• Compact building volume to reduce areas of exposed exterior surfaces
  • Super insulated exterior wall & roof systems
  • Reduced external air infiltration
  • Reduced large mechanical platforms

Daylight Harvesting

Through active daylight strategies, the use of artificial lighting at Richardsville has been greatly reduced. In addition, the roof of the school and a parking shade structure are lined with solar panels that produce more clean energy than the school consumes. Strategies include:

  • Reflecting natural light back into classrooms
  • Reduced glare at work surfaces
  • Automated dimming to reduce artificial lighting requirements
  • Interior solar tubes to supplement daylight
  • Sloped ceilings to project natural light into the classroom
  • Aerogel insulated glazing and low e-coating to reduce solar heat gain


Healthy Kitchen Design

Beyond the technology and systems in place, Richardsville’s net-zero success also lies in the team's holistic thinking and creative behavior changes. For instance, the school hosts “Energy-Free Lunch Days” where the oven is turned off all day; this has now spread across the entire district. Additional changes include:

  • Energy Star Appliances
  • Elimination of Type I hoods & Type II hoods
  • Healthy, locally-grown food choices

IT Revamp

IT systems, though known to consume a significant amount of energy, were traditionally left off-limits to energy reduction strategies in past projects. However, the design team petitioned for change. Replacing computer labs with laptop carts and wireless technology ended up reducing power consumption by 50%.

Living Building Strategies & Life Cycle Evaluation

With a focus on reducing life-cycle maintenance costs, strategies include:

  • 24/7 building operation plan
  • User-friendly automated building control system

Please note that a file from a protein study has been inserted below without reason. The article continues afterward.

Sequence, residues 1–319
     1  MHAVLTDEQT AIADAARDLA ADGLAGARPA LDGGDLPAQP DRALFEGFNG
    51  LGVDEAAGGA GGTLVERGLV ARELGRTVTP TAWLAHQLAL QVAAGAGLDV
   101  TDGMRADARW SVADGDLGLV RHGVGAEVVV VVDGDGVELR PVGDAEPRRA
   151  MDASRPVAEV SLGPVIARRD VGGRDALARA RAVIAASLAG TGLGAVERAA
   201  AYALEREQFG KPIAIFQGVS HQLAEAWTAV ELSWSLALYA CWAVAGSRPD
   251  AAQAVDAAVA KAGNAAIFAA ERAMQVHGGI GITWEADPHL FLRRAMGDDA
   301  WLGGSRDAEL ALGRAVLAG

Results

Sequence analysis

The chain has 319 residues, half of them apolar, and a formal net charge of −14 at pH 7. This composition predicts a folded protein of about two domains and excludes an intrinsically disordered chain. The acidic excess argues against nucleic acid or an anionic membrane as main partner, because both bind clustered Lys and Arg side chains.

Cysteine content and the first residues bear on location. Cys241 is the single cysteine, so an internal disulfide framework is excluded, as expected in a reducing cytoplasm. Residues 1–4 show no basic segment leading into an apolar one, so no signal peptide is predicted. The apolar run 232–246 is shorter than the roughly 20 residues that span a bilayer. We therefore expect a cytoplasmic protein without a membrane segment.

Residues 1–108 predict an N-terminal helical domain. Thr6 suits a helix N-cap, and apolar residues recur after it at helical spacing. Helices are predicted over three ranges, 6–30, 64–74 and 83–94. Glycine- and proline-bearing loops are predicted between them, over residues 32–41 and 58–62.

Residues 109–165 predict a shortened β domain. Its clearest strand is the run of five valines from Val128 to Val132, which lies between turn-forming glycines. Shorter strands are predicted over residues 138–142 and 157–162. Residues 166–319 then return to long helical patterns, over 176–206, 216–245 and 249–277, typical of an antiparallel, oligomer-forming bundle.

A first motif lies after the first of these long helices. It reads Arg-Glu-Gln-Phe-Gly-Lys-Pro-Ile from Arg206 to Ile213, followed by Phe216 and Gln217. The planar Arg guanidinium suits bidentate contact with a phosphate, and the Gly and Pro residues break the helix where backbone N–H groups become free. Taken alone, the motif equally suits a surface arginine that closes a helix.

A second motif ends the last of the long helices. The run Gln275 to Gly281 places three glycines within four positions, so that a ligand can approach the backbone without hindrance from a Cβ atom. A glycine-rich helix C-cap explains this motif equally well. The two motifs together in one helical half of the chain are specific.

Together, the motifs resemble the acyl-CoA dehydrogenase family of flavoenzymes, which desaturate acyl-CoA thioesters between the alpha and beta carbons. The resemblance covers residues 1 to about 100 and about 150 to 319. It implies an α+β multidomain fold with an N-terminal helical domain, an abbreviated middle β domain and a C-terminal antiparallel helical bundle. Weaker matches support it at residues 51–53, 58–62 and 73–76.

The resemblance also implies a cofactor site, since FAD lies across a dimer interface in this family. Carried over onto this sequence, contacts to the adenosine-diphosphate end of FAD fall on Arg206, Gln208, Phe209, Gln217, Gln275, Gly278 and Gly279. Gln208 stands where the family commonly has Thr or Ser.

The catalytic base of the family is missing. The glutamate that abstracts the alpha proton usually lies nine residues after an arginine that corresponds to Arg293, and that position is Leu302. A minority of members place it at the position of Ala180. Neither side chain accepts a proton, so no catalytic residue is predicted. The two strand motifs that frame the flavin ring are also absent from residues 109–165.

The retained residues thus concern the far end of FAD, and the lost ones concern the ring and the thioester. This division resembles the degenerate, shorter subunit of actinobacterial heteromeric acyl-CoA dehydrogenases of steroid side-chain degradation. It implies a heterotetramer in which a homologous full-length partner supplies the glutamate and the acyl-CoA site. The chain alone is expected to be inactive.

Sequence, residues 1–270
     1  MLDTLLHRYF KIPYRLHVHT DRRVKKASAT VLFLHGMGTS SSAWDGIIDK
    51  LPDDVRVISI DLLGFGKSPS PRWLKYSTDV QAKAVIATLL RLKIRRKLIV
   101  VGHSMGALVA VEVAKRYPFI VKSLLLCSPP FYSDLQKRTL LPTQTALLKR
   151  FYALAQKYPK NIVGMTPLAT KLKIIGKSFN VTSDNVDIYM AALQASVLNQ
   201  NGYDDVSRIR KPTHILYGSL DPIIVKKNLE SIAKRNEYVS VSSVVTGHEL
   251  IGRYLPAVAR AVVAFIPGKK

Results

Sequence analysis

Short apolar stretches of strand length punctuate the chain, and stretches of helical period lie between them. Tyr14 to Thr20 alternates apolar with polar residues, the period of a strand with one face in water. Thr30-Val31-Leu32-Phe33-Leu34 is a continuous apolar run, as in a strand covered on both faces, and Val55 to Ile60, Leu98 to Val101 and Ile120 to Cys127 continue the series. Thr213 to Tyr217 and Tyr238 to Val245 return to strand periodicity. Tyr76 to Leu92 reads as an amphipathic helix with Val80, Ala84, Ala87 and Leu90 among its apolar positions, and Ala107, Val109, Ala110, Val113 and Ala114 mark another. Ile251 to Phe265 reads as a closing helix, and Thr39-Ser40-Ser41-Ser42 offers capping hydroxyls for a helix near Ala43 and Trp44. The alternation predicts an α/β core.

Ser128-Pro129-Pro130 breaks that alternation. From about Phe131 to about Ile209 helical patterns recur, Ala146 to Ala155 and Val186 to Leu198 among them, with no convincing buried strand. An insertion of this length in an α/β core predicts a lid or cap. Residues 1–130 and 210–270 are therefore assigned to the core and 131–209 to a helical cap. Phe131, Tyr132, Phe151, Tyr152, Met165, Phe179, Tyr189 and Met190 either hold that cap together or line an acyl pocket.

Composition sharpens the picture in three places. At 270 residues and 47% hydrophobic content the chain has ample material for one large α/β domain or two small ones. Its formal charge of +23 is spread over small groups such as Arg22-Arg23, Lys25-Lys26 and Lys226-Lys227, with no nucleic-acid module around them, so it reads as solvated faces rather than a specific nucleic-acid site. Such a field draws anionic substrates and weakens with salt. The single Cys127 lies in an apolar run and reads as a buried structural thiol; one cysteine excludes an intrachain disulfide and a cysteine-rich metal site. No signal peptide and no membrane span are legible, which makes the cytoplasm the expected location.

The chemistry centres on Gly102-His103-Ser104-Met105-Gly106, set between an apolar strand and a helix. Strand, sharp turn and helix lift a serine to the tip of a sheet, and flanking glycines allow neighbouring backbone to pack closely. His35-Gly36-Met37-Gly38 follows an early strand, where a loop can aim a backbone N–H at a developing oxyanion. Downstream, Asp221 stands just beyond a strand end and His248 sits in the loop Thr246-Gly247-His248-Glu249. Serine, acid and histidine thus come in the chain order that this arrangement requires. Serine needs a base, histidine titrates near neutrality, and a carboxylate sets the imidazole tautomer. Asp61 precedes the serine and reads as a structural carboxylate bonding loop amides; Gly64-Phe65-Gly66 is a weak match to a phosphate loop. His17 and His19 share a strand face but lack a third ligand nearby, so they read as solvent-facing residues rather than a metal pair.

• Security lighting with motion detection
  • Life cycle cost evaluations on materials, finishes, and equipment

The Building As a Teaching Tool

“We didn't want to just put our students in a net-zero school and forget about it. Instead, we use the building itself as part of the pedagogy so kids can take these lessons learned out into the world,” Wilson shared.


Hallways with geothermal, water, and recycling themes integrate the school’s features into the curriculum, and green screens demonstrate the school’s daily energy use and teach conservation principles. Students regularly give tours to the visitors of the school and can accurately explain how the solar tubes and the PV system work. Each school in the district also has a team made up of students who monitor consumption and perform energy audits for efficiency.

Wilson closed with emphasizing the value of setting the bar high when it comes to sustainability.

“You build a school one time, but you heat and cool it for next 50 years,” he said. “In the long run, a net-zero energy school provides the best value. The community must be able to trust that the board is doing everything possible to reduce energy consumption and redirect those funds back into the classroom.”

“We put to rest the statement that ‘it simply can’t be done,’” Wilson concluded. “If we can do it in Richardsville, it can be done virtually anywhere under the right circumstances.”

Hannah Chenoweth

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Hannah Chenoweth is a writer for influence group. Passionate about collaborating with thought leaders in real estate, design, construction & facilities management.